On the 2nd December 1942 Oberhauser told me I was to be operated on again. I asked her why, and she stated she did not know but it had to be done. For my second operation Doctors Fischer and Oberhauser and SS nurse Dora were in theatre. Oberhauser again gave me anesthetic, and during the operation the wound from my previous operation was opened up. When I came round from the anesthetic I found that his time my leg had not been encased in plaster but only bandaged. This second operation of mine I was told also took 3 hours. As after my first operation, the second one was followed by no pain or temperature After 8 days Dr. Oberhauser removed my bandage and placed on a strip of adhesive plaster. On this day also I started to walk again. A week later I was sent back to my block, which was Block 15.
I should like to add that during and following both of my operations we were given no attention whatsoever. The dressings were dirty when they were changed, we were given no washing facilities, and whoever in the ward was most ambulant had to look after the sanitary arrangements for the others who were immobile in their plaster casts.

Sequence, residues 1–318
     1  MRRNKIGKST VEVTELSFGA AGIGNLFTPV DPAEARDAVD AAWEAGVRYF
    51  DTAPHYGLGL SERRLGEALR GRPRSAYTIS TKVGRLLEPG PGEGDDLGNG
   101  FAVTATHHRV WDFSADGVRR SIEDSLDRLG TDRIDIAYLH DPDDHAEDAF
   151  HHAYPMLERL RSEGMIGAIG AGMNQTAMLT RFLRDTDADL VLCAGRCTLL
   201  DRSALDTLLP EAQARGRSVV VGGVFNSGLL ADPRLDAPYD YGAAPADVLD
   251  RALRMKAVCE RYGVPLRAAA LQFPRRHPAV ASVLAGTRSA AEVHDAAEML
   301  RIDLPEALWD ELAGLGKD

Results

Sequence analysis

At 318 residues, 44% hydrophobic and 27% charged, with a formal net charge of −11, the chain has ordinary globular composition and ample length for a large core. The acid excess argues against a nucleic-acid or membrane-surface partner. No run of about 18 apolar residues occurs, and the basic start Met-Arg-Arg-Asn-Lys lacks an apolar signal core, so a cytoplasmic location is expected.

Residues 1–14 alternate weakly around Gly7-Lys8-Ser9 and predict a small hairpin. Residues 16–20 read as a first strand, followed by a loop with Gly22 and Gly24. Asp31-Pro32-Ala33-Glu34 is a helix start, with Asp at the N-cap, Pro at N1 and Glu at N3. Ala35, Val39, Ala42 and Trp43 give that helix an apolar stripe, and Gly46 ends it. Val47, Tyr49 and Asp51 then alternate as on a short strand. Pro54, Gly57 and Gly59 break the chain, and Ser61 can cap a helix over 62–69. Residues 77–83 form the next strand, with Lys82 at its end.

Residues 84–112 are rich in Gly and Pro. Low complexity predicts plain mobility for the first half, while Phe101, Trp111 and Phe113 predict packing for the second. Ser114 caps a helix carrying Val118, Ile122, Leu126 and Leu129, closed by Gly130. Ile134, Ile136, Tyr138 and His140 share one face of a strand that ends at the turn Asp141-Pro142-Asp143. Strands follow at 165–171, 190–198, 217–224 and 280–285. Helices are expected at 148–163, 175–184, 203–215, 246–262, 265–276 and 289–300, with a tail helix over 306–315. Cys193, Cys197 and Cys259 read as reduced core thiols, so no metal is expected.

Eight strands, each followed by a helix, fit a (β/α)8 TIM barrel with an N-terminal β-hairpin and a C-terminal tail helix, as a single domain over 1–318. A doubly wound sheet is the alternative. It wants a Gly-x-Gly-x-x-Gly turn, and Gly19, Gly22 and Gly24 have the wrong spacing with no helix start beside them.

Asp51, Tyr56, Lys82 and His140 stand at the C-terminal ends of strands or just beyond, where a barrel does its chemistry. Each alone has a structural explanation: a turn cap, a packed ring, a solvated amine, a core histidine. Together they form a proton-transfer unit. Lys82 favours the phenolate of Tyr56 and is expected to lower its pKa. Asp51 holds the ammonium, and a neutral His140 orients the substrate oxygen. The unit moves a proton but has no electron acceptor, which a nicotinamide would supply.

At present, as a result of my two operations, the only disability I suffer is a very weak left ankle.
In January 1943 two Polish girls who had been operated on were shot. Their names were: GNAS, Maria, and PAJACZKOWSKA, Janina. Suhren himself came to room No. 4 and told us that they were to be set free. The girls were very surprised, because their wounds were not yet healed and no one was allowed to leave the camp unless comparatively fit. A secretary of Langenfeld later came to room 4 with a slip of paper bearing the names of the 2 girls, and also on the paper was that they were to go to Lublin after they had been set free. A friend of mine who worked in the Labor Office, called Halina Strzelecka, later found a slip of paper with these two girls' names on, both followed by a cross and a date and the fact that they had died of heart failure. Another friend of mine who worked in the Revier called Genowefa Biega looked through the book containing the records of all those who died in the camp, and found these two girls' names followed by a date and the fact that they had died from heart failure. When we learned that these two girls had definitely been shot, we sent a protest to the Camp Commandant, Suhren, but received no reply from him "One day in March, when arriving as usual for work in the Grand Revier, was told by Fina Pautz that Oberhauser wished to see me again, as I was to have a further operation.